Well, then.

I have no idea what “this whole thing” was about now, but 13-year-old me doesn’t care to explain, because she doesn’t need to. She’s writing for herself, in her moment, not for the woman she actually became. And I respect her curmudgeonly little self a little bit more for that, even as I’m trying to applaud the 12-year-old version of her for at least getting some words down on the page. Because that's hard shit.

All my old journals are now arranged chronologically in bankers’ boxes. They have been sealed, with instructions on the top of each box to destroy immediately — without reading — in the event that I die or am incapacitated. Don’t say you weren’t warned. I authorize an Internet posse of you all to ensure this happens.

Or maybe, one day soon, I’ll have a beach bonfire and roast marshmallows in the heat of all those words. I’m not quite there yet, but if I don’t need you to read them, then why on earth am I still holding onto them?

Good news about breakfast

The Grocery Foundation is launching Toonies for Tummies 2016

Isaac has always been an early riser, and he’s always been a big fan of breakfast. Ideally, in his world, I would make him French toast every day, with liberal lashings (read: puddles one could wade in) of syrup. And I do, often. Because there’s not that much else to do at 7 AM, after he crawls into bed beside me and we listen to the news. (“Why do you always want to listen to the news, Mama? It’s always bad news.”)

On the days when I feel less inclined to make the effort for French toast, he’ll eat mammoth bowls of oatmeal (ditto syrup preferences), or muesli, or a smoothie (bananas, yogurt, frozen blueberries, raspberries) or the occasional bowl of Cheerios. If he’s growing a lot — as he seems to be, currently — he’ll eat similar amounts at other meals. If his body is taking a little rest between growth spurts, breakfast may be his most substantial meal of the day.

Either way, I love watching Isaac (both my kids, in fact) eat breakfast. I love seeing him fly out the door in the mornings after eating. I don’t subscribe to a whole lot of parental truisms, but one I do agree with is that little is more satisfying than seeing your child tuck into a healthy meal. Particularly breakfast. It’s no secret that kids who go to school hungry have a harder time learning. And yet, according a 2011 Household Food Insecurities in Canada study, one in six Canadian children goes to half without breakfast.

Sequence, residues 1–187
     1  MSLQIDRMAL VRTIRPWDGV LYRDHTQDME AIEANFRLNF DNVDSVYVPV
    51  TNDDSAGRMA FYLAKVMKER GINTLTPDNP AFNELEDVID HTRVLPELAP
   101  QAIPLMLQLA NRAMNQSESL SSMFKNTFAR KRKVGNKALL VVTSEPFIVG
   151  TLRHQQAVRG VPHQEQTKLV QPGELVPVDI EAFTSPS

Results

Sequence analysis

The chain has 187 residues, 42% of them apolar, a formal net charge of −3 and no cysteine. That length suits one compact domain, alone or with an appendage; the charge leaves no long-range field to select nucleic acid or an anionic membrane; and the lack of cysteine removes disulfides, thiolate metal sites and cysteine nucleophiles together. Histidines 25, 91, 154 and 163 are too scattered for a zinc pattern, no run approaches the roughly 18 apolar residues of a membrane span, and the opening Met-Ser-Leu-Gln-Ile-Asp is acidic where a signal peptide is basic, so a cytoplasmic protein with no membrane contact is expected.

One in six. That’s 1.15 million children (out of nearly 4 million Canadians overall) who experience some level of food insecurity. That’s one in six children in every class in Ontario already set up to lose out before the day has even begun. That’s one in six kids with a headache, a growling stomach, who feels lightheaded or nauseated. One in six kids who is grouchy, unfocused, irrational, uncooperative. (You know what your kids are like when they’re hungry.) One in six kids without the resources they need to take in information, sit still, pay attention, “behave,” enjoy school, learn how to read or subtract. Those are kids in your children’s classes. That may be your kid.

It literally makes my stomach hurt.

And other people feel the same way. Kaelyn McCallum, who’s in grade 10 at St. Ignatius High School here in Thunder Bay (that’s her below), grew up listening to her parents — both teachers — talk about the students in their classes who came to school hungry, who didn’t have packed lunches or the money to buy them. “It’s a really big thing,” says the 15-year-old. “Everyone should have the right to have a breakfast and lunch and proper meals so that they can learn.”